- Australia: Southern Oscillation Index, RBA Balance Sheet (Apr)
- China: Manufacturing & NonManufacturing PMI, 100-City Average House Price, Guangdong Manufacturing PMI (Apr), International Reserves, Depository Corporations Survey (Mar); Korea: International Trade Press (Apr)
- Israel: Population, Housing Loans (Mar); kenya: CPI (Apr); Qatar: Population (Apr); Turkey: Cost of Living Index (Apr)
- UK: CBI Composite Indicator (Apr)
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Economy in Brief
U.S. Employment Cost Index Remains Firm
The employment cost index for civilian workers increased 0.6% (1.9% y/y) during Q1'16...
Chicago Purchasing Managers Index Disappoints & Trends Sideways
Chicago purchasing managers reported that their Business Barometer Index declined to 50.4 this month...
Euro Area Unemployment Drops to 4.5-Year Low
EMU unemployment fell to 10.2% in March after being stuck at 10.4% for three consecutive months...
U.S. GDP Grows 0.5% in Q1'16
Growth in the U.S. economy was barely positive last quarter...
U.S. Initial Unemployment Insurance Claims Rise
Initial claims for unemployment insurance increased to 257,000 during the week ended April 23...
EU and Euro Area Show Some Improvement in April
The EU Commission Indices for the EU and EMU showed gains in April...
by Louise Curley June 4, 2012
Spain is in trouble once again. Capital is leaving the country and interest rates are rising, as can be seen in the attached chart. The 10 year bond rate was 6.5% on June 1st and probably higher today. The European Central Bank, the European Commission and the International Monetary Fund together with the Spanish government are engaged in trying to find ways to ameliorate the situation while the foreign banks that have lent to Spanish banks in the past are worried about their exposure to these banks.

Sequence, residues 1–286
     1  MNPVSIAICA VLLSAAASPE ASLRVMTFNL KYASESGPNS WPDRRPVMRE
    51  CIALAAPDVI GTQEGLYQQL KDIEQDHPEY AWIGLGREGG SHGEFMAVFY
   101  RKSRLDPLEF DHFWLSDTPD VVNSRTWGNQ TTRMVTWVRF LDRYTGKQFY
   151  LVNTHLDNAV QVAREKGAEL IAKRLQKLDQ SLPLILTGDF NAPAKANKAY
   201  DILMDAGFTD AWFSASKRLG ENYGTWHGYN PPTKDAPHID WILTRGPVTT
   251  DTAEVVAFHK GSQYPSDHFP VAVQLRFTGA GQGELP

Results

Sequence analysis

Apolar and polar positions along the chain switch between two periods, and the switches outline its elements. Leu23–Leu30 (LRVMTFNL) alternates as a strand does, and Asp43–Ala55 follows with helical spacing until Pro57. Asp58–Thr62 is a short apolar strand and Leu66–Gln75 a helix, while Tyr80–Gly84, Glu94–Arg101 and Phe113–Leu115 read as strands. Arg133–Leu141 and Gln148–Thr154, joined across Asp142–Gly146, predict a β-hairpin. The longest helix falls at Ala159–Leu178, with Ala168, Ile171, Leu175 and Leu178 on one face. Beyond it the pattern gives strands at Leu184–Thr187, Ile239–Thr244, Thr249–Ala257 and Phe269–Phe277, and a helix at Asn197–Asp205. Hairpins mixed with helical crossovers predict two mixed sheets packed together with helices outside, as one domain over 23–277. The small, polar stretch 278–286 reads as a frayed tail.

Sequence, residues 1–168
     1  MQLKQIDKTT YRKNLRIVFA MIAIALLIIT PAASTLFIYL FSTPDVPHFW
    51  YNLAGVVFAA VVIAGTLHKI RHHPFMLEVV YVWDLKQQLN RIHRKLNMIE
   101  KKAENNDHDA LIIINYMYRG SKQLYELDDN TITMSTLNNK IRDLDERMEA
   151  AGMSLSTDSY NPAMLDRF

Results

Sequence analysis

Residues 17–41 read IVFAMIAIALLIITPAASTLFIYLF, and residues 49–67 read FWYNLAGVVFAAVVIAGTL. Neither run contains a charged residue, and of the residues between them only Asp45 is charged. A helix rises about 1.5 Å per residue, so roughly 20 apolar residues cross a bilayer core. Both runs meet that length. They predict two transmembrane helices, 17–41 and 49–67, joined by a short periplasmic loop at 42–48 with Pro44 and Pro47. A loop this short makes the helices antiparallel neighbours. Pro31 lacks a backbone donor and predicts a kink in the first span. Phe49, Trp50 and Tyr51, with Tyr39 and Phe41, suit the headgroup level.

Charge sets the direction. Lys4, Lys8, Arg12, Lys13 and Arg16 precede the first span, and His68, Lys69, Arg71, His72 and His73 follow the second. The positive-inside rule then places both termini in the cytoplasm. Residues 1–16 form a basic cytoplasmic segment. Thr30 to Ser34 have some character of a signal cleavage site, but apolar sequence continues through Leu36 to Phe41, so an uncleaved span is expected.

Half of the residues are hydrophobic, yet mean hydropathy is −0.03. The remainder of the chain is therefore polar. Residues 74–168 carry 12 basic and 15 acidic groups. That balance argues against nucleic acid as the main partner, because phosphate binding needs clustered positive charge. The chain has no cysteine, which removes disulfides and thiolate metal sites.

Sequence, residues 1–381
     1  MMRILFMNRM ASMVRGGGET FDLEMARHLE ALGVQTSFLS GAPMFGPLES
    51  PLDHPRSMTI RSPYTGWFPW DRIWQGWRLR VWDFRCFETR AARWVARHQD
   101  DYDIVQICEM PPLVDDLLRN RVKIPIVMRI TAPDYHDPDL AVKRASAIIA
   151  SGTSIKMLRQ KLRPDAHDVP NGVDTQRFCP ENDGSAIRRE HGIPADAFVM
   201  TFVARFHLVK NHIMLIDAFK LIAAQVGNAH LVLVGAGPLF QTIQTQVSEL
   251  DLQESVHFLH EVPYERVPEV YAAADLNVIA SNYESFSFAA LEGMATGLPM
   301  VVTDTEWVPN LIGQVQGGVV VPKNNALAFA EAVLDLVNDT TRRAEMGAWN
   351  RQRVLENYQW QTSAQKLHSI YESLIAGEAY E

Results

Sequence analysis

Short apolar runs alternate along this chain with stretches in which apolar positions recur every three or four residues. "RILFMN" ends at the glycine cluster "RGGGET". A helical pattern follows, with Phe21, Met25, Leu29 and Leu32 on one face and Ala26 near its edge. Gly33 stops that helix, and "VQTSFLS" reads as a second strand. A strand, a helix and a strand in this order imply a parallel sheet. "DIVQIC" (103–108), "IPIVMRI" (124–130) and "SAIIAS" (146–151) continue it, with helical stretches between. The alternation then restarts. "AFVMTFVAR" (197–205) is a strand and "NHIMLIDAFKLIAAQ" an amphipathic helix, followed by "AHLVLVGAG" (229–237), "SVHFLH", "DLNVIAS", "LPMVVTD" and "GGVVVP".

Some Information on foreign banks' exposure to Spanish banks, as well as to Greece, Ireland and Portugal, can be found in Haver. In The Bank of International Settlements (BIS) data base, there is a table "Foreign Exposure to Greece, Ireland, Portugal and Spain" under the section, Consolidated International Claims on BIS Reporting Banks. Data are quarterly and begin in 2010. Most data end in the fourth quarter of 2011. Countries covered are Germany, France, Italy, Other Euro Area, Japan. U. S. U. K. and Rest of the World. U. S. banks appear to have the largest exposure, $227.7 billion dollars, to Spanish banks followed by Germany and other European Countries. Japanese and Rest of the World banks have much smaller exposures to troubles in the Spanish Banks.
|Exposure of Banks to Claims from Greece, Ireland, Portugal and Spain, Q4 2011 (Billions USD)|
|U. K. Banks||137.5||33.3||192.1||22.3|
|Other Euro Area*||179.6||21.9||67.2||33.5|
|Rest of World Banks*||41.3||5.7||57.3||9.5|
|* Data are as of Third Quarter, 2010|